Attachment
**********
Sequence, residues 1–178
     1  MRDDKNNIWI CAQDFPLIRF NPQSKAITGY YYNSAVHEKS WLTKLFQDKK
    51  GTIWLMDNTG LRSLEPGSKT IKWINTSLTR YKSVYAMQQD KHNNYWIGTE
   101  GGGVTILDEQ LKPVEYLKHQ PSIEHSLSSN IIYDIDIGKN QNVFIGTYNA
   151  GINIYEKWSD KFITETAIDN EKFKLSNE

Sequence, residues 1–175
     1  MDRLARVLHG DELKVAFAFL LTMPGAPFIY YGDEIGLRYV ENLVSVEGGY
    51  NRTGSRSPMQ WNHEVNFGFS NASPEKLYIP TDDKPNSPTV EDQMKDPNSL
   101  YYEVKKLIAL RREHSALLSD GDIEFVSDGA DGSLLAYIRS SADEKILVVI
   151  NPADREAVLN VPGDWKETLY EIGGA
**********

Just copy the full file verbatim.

Sequence, residues 1–178
     1  MRDDKNNIWI CAQDFPLIRF NPQSKAITGY YYNSAVHEKS WLTKLFQDKK
    51  GTIWLMDNTG LRSLEPGSKT IKWINTSLTR YKSVYAMQQD KHNNYWIGTE
   101  GGGVTILDEQ LKPVEYLKHQ PSIEHSLSSN IIYDIDIGKN QNVFIGTYNA
   151  GINIYEKWSD KFITETAIDN EKFKLSNE

Sequence, residues 1–175
     1  MDRLARVLHG DELKVAFAFL LTMPGAPFIY YGDEIGLRYV ENLVSVEGGY
    51  NRTGSRSPMQ WNHEVNFGFS NASPEKLYIP TDDKPNSPTV EDQMKDPNSL
   101  YYEVKKLIAL RREHSALLSD GDIEFVSDGA DGSLLAYIRS SADEKILVVI
   151  NPADREAVLN VPGDWKETLY EIGGA